Physiotherapy involves exercises to help maintain and hopefully improve movement.
It's one of the most important treatments for cerebral palsy.
The main goals of physiotherapy are to:
- encourage movement
- increase strength and stop muscles becoming weak
- stop muscles shortening and losing their range of movement (contracture), which can be painful and affect how the bones and muscles grow
A physiotherapist may also advise on walking aids (such as a walking frame or walking sticks) if needed, and arm or leg braces called orthoses to support the limbs.
Speech and language therapy
Speech and language therapy can help people who have trouble communicating by allowing them to practise their speech with exercises, or teaching them an alternative method of communication, such as sign language or using pictures.
A speech and language therapist may also be able to provide special equipment, such as a computer or device that generates speech.
Younger children may be given a device similar to a laptop that's covered with symbols of everyday objects and activities. The child then presses a combination of symbols to communicate.
Occupational therapy involves a therapist identifying problems that you or your child have carrying out everyday tasks.
They can advise you on the best way to carry out activities that require complex movements, such as going to the toilet or getting dressed.
Occupational therapy can be extremely useful in boosting your child's self-esteem and independence, especially as they get older.
An occupational therapist can advise adults with cerebral palsy on independent living.
This can include advice on housing, getting a job, benefits, and technology like computers and gadgets that can make it easier to do things.
There are medicines that can help relieve several of the symptoms of cerebral palsy.
- medicines for muscle stiffness, such as diazepam or baclofen, that can be taken as tablets or liquids – baclofen can also sometimes be given using a small pump inserted under the skin, which allows the medicine to trickle into the area inside the spine
- botulinum toxin injections – injections that relax certain muscles or groups of muscles for a few months at a time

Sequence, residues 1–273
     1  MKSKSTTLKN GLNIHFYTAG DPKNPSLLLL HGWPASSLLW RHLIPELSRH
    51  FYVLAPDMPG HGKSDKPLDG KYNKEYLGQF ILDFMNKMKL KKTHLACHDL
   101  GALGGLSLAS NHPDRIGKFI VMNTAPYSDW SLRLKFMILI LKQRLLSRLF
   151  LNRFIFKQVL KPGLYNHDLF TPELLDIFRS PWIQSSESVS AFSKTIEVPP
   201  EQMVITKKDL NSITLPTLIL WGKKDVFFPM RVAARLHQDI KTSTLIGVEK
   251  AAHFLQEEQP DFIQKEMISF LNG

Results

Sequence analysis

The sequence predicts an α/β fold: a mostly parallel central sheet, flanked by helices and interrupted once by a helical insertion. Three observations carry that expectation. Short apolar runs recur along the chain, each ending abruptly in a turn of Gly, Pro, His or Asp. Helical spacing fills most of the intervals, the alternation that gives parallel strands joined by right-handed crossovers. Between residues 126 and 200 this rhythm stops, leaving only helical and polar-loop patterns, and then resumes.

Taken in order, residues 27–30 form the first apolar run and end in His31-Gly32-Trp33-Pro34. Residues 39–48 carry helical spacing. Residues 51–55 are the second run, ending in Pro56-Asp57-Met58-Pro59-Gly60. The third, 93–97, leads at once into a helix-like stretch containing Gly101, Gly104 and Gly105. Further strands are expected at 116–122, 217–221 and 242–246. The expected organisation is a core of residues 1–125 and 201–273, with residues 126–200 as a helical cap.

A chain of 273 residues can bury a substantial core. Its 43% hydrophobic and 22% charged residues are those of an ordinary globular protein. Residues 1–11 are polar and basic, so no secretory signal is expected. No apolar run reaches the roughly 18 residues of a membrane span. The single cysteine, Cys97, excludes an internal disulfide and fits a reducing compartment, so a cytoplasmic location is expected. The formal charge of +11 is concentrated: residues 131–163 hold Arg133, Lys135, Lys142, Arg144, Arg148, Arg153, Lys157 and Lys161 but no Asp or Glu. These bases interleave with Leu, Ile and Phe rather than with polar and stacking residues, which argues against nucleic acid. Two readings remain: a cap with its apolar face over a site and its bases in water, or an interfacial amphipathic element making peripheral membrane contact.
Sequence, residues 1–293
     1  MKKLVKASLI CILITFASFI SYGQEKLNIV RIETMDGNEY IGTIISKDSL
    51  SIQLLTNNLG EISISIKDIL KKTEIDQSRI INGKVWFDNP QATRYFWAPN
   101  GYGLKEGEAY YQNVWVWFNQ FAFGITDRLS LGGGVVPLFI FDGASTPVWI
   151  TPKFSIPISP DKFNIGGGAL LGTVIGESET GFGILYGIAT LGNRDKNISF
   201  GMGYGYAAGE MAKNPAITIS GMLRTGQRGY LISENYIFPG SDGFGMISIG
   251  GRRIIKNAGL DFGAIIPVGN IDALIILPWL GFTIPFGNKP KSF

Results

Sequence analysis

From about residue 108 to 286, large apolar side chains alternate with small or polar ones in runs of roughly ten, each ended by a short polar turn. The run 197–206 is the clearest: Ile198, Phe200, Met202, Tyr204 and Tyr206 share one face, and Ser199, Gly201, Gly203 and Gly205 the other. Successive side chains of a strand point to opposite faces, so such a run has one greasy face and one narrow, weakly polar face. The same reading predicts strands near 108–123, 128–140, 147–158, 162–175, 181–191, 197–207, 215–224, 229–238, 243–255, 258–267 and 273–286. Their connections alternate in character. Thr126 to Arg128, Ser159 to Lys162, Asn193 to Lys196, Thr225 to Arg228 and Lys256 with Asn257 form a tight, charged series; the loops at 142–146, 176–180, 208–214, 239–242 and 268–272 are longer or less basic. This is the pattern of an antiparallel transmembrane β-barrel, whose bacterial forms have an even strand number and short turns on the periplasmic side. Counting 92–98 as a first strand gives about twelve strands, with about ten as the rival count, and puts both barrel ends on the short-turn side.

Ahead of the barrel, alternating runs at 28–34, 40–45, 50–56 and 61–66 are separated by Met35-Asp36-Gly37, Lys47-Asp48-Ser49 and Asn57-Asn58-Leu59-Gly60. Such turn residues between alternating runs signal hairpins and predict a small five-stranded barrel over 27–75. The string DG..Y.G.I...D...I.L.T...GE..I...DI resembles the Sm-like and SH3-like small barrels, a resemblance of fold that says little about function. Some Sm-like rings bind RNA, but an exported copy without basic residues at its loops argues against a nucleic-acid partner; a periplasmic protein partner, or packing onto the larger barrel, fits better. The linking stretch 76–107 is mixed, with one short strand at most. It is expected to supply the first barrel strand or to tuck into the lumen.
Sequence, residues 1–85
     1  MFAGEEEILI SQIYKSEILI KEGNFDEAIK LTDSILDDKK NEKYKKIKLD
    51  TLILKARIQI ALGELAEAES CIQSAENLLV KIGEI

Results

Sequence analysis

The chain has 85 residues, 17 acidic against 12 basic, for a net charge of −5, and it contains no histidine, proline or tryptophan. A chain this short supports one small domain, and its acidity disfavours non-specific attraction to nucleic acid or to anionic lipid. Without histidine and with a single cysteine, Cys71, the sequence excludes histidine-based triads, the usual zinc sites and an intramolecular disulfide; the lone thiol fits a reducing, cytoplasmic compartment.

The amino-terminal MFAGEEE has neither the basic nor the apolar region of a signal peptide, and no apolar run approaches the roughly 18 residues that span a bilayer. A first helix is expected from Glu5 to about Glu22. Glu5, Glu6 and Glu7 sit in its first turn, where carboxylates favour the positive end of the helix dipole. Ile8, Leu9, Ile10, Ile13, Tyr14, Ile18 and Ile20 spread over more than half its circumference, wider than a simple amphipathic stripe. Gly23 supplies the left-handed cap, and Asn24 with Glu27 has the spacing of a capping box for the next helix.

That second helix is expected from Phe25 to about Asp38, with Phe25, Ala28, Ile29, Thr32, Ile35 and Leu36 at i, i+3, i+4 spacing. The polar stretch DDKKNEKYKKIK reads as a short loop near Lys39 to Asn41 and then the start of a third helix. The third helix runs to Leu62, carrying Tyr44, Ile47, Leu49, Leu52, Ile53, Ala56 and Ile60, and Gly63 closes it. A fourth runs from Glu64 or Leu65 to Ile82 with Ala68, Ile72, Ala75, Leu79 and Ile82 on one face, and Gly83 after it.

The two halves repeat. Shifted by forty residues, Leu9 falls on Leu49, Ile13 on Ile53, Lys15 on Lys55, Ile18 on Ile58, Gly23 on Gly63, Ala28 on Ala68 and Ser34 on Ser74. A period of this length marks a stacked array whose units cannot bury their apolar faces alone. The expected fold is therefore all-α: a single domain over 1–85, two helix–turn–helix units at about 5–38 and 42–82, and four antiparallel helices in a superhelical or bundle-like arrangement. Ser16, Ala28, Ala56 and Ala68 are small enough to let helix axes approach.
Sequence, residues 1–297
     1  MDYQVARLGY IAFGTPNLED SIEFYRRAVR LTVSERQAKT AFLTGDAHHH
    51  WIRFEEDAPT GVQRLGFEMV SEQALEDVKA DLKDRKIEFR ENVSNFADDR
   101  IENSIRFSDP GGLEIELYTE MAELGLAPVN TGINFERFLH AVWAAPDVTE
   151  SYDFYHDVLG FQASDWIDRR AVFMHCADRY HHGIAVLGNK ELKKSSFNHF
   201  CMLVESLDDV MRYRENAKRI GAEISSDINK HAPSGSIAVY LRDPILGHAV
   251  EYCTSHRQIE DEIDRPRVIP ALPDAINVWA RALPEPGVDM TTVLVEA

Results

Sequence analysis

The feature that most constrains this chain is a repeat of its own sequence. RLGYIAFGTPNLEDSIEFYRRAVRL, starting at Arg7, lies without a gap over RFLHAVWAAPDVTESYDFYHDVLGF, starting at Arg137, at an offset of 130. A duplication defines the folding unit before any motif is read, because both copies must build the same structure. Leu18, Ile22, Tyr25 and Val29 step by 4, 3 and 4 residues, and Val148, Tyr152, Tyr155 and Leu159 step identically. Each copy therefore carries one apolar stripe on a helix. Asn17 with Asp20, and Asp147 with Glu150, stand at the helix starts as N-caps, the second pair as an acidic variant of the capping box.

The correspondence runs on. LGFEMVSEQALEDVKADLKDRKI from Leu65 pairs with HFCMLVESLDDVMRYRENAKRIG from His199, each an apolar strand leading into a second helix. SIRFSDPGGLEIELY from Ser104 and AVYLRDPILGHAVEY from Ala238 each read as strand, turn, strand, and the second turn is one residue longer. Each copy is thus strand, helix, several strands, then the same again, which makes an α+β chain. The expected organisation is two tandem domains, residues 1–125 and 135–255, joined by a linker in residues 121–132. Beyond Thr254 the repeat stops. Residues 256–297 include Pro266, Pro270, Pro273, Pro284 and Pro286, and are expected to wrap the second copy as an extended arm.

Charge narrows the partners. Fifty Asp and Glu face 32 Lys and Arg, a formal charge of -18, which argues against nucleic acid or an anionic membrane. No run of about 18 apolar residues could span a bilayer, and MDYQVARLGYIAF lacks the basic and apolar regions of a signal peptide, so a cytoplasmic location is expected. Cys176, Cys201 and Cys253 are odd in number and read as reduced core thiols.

- a medicine called melatonin for sleeping difficulties
- anti-seizure medicines for epilepsy
- laxatives for constipation
- painkillers for any pain or discomfort
- medicines to reduce drooling
It's unlikely you or your child will need to take all of these medicines.
Speak to your care team if you have any questions about a medicine that's been offered, including why they recommend it and what side effects it might cause.
Treatments for feeding problems
Some people with cerebral palsy have difficulty swallowing food.
This can be serious because it can mean they're at risk of choking or developing a chest infection as a result of accidentally inhaling food.
Long-lasting feeding difficulties could also lead to malnutrition.
Treatments for swallowing problems include:
- swallowing techniques and exercises taught by a speech and language therapist
- making dietary changes, such as eating soft or liquid foods
- a feeding tube in more severe cases
A feeding tube can either be passed into the stomach through the nose or directly into the stomach through the skin of the tummy.
Treatments for drooling
Drooling problems are common in people with cerebral palsy.
While not usually serious, the excess saliva can irritate the skin around the mouth, which may increase the risk of the skin becoming infected.
Treatments that can help with excessive drooling include:
- techniques and exercises taught by a speech and language therapist
- anticholinergic medicines – tablets or skin patches that reduce how much saliva is produced
- botulinum toxin injections into the saliva glands – injections that can help relieve drooling problems for a few months at a time
- surgery to redirect the saliva glands so saliva runs towards the back of the mouth, rather than the front
Some people with cerebral palsy may need surgery to help with movement difficulties or other problems.
Surgery can be carried out to:
- restore movement to parts of the body if they're restricted by a tight muscle or piece of connective tissue
- repair a hip joint that's popped out (dislocated)
- correct curvature of the spine (scoliosis) – find out more about surgery for scoliosis
- treat problems with bladder control (urinary incontinence) – find out more about surgery for urinary incontinence
- make walking easier by reducing stiffness in the legs – this operation is known as a selective dorsal rhizotomy (SDR)
If your care team suggests surgery for you or your child, speak to them about what results you can expect, what the risks are, and what the recovery period might be like.
For some types of surgery it can take months or even years for the full benefits to be achieved and extensive physiotherapy may be needed to help aid recovery.
The National Institute for Health and Care Excellence (NICE) has more information on selective dorsal rhizotomy for spasticity in cerebral palsy (PDF, 59kb).